Archer Fine Transfers 1/35 Scale
Dry Transfer Markings
by Cookie Sewell
Set AR35209B; U.S. Gauges and Interior Stencils; price US $8.95
Set AR35209W; U. S. Gauges and Interior Stencils; price US $8.95
Set AR35210S; Generic Placards (black on silver); price US $9.95
Set AR35210W; Generic Placards (black on white); price US $995
Set AR35210X; Generic Placards (black on brass); price US $9.95
Set AR35211; US Interior Placards; price US $7.95
Advantages: all cleanly printed with amazing levels of detail and readable
under a jeweler's loupe; perfect finishing touches, especially for softskins
Disadvantages: May seem expensive, but many models can be done with one
Rating: Highly Recommended
Recommendation: for all US armor and military vehicle fans
Woody Vondracek is the best one I know at doing up markings and detailing
sheets, and these latest six from him are absolutely gorgeous. While some
modelers squawk about the prices (realize each sheet is only about 1"
x 2.5") it is the quality of the sheets and their ease of use that
makes them a true winner.
The first two (209) provide the dashboard markings found on most US armored
and softskin vehicles from about 1940 to the present. The sheets each
include dial faces for (left to right on the sheets) oil pressure, tachometer/engine
hours gauge/ speedometer/odometer, water temperature, and more oil pressure
gauges. The rest of the markings are standard placards painted on in the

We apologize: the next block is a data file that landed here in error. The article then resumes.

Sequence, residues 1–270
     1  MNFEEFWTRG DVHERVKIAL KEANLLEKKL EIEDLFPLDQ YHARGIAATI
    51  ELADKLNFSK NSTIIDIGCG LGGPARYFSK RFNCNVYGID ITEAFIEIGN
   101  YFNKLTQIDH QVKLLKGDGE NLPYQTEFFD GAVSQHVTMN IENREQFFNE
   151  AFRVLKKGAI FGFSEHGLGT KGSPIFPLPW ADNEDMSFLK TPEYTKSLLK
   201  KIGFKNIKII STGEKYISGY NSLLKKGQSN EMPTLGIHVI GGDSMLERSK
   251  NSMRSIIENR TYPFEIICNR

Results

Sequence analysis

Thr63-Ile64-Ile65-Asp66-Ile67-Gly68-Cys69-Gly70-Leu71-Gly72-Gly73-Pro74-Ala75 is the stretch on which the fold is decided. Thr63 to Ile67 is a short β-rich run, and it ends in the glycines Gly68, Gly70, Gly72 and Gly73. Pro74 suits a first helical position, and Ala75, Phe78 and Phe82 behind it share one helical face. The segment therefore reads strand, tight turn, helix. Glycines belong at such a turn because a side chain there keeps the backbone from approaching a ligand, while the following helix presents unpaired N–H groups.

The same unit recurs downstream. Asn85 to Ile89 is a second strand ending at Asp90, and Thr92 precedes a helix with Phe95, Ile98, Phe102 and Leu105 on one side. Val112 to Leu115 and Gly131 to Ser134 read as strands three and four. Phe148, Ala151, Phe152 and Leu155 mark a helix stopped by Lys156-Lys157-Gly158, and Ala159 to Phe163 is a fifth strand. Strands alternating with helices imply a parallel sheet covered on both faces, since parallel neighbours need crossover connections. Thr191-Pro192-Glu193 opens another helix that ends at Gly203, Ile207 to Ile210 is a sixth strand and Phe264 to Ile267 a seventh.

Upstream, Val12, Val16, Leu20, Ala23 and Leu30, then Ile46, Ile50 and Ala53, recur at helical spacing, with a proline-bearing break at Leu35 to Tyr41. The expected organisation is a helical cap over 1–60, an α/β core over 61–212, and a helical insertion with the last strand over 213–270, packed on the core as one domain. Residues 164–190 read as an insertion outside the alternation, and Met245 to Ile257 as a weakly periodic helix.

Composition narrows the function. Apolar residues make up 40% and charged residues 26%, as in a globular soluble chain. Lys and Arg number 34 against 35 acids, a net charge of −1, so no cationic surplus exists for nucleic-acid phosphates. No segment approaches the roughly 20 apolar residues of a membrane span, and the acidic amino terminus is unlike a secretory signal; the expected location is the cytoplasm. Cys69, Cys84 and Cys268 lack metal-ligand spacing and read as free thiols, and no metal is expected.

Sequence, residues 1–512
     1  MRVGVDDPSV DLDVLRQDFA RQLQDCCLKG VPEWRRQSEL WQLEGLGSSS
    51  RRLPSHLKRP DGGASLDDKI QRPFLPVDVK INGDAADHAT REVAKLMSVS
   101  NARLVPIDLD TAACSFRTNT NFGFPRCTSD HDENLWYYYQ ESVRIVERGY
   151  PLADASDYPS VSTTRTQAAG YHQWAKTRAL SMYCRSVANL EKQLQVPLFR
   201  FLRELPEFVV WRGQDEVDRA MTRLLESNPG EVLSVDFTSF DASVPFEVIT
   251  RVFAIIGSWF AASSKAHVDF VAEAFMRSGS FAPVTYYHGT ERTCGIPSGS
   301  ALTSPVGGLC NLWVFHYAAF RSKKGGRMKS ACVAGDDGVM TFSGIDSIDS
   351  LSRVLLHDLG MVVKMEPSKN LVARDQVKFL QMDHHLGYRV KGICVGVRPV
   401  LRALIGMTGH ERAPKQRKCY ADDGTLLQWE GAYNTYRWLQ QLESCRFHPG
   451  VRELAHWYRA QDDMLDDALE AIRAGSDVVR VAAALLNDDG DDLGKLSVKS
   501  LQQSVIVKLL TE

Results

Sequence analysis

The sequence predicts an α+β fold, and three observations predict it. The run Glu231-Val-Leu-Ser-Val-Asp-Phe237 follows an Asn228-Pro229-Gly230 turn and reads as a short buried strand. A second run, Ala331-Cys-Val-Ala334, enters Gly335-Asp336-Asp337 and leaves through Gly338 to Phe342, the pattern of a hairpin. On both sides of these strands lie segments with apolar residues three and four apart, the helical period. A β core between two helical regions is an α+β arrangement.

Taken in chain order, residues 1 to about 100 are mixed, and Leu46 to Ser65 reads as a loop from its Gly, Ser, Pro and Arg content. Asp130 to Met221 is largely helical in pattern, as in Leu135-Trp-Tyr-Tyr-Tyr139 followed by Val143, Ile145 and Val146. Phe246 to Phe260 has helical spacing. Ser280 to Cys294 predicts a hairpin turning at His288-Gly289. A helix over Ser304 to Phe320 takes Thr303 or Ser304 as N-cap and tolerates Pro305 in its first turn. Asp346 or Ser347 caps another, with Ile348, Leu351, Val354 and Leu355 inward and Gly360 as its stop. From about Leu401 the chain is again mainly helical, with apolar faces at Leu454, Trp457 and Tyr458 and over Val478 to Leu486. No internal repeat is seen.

cab or driver's compartment area – weapons, equipment stowage, and
warnings. The white instrument faces appear, from collectors shows, to
be correct for tactical vehicles up to about mid 1942 (jeeps, trucks,
M3 White Scout Cars, and M2/M3 halftracks in particular) and the black
faces from then to the present. I suggest getting one of each, for the
white stencils are more often found on OD vehicles and the black ones
on white backgrounds such as inside tanks or APCs.
The second three sheets are the standard plates screwed onto the dashboard
or other area of a tactical vehicle, such as shift patterns, construction
data, winch operation directions, etc. They will do a lot for a jeep (I
may have misread it, but while FORD and BANTAM show up well, I could swear
the other one reads WILLIS and not WILLYS. But since it's about 2 point
type it may just be my eyes.)
The last one covers decals stuck on various parts of the inside of armored
vehicles for stowage. There is a large sense of humor at play here which
is obvious under the loop as well, but I won't spoil it for anyone who
wants to get even with judges!
Overall these are all winners and once again Woody has responded to modelers'
needs with really useful items.
Thanks to Woody Vondracek of Archer Fine Transfers for the review samples.